The Buzz: June 2017

The Buzz: June 2017
Redfish like this bruiser are welcome surprises while drifting for trout.

Seems it took forever for the spring fishing patterns to stabilize but we’re finally there. Apart from a stray front here and there, everything is falling into place and fishing is greatly improved. The new-found productivity really has me trying to figure out – a huge influx of fish coming in from the Gulf or, we experienced an uncommonly difficult and lengthy spring transition this year. Either way, it seems to be behind us now and nothing could make me happier.

If you pay much attention to reports from the Galveston Bay complex, the general tone has been pretty gloomy the past couple months. Fishing was tough and many people were questioning whether we even had any trout left following two summer stack-ups preceded by five years of drought. Don’t get me wrong, those weren’t good for the fishery by any means, but it’s very hard to get a good sample of how many fish we have in our bay when they aren’t eating every day.

We definitely seem NOT TO HAVE as many resident fish as in the past. Tide-runners are what we call fish that are not native to the bay. They reside primarily in the Gulf of Mexico and enter the bays through the passes during summer, following bait migrations on strong incoming tides. With the exceptionally mild winter and abnormally high water temperatures this late-spring, the tide-runners have already started their swing and have spread across the bays in full force. This isn’t just a one-time deal; these fish will come in waves most of the summer. If my suspicion holds true we could be in for a banner year.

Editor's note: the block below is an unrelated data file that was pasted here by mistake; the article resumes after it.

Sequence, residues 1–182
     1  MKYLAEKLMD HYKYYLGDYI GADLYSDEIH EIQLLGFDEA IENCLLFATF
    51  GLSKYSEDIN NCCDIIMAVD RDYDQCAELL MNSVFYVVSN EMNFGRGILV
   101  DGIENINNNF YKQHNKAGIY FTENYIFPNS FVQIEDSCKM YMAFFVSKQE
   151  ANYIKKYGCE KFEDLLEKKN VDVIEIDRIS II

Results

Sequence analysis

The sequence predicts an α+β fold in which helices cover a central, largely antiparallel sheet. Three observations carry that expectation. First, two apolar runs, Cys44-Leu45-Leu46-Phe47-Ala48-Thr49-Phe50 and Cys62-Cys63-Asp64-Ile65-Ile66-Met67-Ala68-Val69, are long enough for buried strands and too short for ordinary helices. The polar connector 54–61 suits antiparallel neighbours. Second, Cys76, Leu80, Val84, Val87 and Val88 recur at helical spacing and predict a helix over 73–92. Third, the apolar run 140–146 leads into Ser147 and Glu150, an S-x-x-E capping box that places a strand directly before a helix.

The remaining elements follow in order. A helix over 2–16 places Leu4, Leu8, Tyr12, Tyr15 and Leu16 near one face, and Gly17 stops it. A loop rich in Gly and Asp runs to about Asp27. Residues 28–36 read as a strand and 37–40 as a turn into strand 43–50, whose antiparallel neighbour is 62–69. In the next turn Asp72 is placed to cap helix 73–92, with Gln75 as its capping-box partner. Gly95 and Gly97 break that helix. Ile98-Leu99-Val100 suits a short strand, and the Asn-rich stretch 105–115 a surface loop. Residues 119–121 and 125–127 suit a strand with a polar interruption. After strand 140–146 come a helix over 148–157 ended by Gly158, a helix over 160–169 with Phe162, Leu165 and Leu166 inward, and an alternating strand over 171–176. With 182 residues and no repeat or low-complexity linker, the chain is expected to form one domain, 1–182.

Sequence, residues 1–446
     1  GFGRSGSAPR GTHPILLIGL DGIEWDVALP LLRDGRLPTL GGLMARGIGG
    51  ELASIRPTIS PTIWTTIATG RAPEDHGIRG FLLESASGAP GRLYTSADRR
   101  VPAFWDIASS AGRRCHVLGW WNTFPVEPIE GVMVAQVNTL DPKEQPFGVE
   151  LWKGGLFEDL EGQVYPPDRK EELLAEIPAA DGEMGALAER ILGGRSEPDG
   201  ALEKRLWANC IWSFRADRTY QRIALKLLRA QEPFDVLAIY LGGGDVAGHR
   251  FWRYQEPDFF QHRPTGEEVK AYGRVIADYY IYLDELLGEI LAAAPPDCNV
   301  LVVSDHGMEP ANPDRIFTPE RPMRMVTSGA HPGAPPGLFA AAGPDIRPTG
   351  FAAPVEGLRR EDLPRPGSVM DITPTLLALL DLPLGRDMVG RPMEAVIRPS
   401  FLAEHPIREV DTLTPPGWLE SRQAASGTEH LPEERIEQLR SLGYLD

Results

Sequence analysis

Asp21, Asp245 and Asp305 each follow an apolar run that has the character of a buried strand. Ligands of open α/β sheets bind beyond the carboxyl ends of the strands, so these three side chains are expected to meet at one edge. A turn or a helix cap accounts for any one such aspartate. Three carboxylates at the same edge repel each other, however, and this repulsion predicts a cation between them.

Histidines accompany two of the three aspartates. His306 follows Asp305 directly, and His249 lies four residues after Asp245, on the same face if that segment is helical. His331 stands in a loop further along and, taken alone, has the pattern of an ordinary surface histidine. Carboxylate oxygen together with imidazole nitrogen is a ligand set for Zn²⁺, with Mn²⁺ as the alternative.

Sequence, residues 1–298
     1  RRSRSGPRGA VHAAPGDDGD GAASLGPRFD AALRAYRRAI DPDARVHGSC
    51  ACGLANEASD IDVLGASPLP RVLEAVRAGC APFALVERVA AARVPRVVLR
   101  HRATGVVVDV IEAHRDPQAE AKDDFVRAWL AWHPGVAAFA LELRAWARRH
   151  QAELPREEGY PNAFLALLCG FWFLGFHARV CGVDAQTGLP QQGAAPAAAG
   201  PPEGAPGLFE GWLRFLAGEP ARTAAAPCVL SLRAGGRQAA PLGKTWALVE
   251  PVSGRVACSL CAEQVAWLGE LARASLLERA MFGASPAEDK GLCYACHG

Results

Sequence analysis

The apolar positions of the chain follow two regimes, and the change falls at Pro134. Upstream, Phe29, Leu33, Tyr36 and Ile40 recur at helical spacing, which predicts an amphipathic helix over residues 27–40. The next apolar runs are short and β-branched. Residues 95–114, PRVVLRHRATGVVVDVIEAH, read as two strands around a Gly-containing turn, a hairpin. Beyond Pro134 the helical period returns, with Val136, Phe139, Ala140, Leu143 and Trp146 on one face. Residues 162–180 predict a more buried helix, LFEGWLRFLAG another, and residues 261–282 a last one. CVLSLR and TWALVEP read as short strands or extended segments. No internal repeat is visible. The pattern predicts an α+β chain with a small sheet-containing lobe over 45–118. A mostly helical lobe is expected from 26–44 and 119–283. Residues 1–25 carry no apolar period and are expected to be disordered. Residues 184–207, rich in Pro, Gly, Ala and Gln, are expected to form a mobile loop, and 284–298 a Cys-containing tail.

The migration of fish through the Galveston jetties and up the ship channel can be quite phenomenal. These fish will show up one day like crazy and keep riding the tide as far as they can. The gas wells in Trinity Bay are kind of their final stop, making this area so good during the late summer months. The key to fishing these tide-runners is to intercept their migration and find out where they are going to periodically stop. The Houston Ship Channel is covered in oyster reefs and each spoil bank has enough structure to hold fish. Finding little humps and undulations that will hold schools of trout in an area are very good keys to success.

Like I talked about last month, I am excited to see how this year plays out. It seems to me and several old-timers that we are finally going to see a normal year as far as salinity, with no more stack-ups. We should see the fishing continue to get better and better but I feel a move toward more conservative bag limits would be a great boost to our fishery. But let’s not get into that five-hour discussion.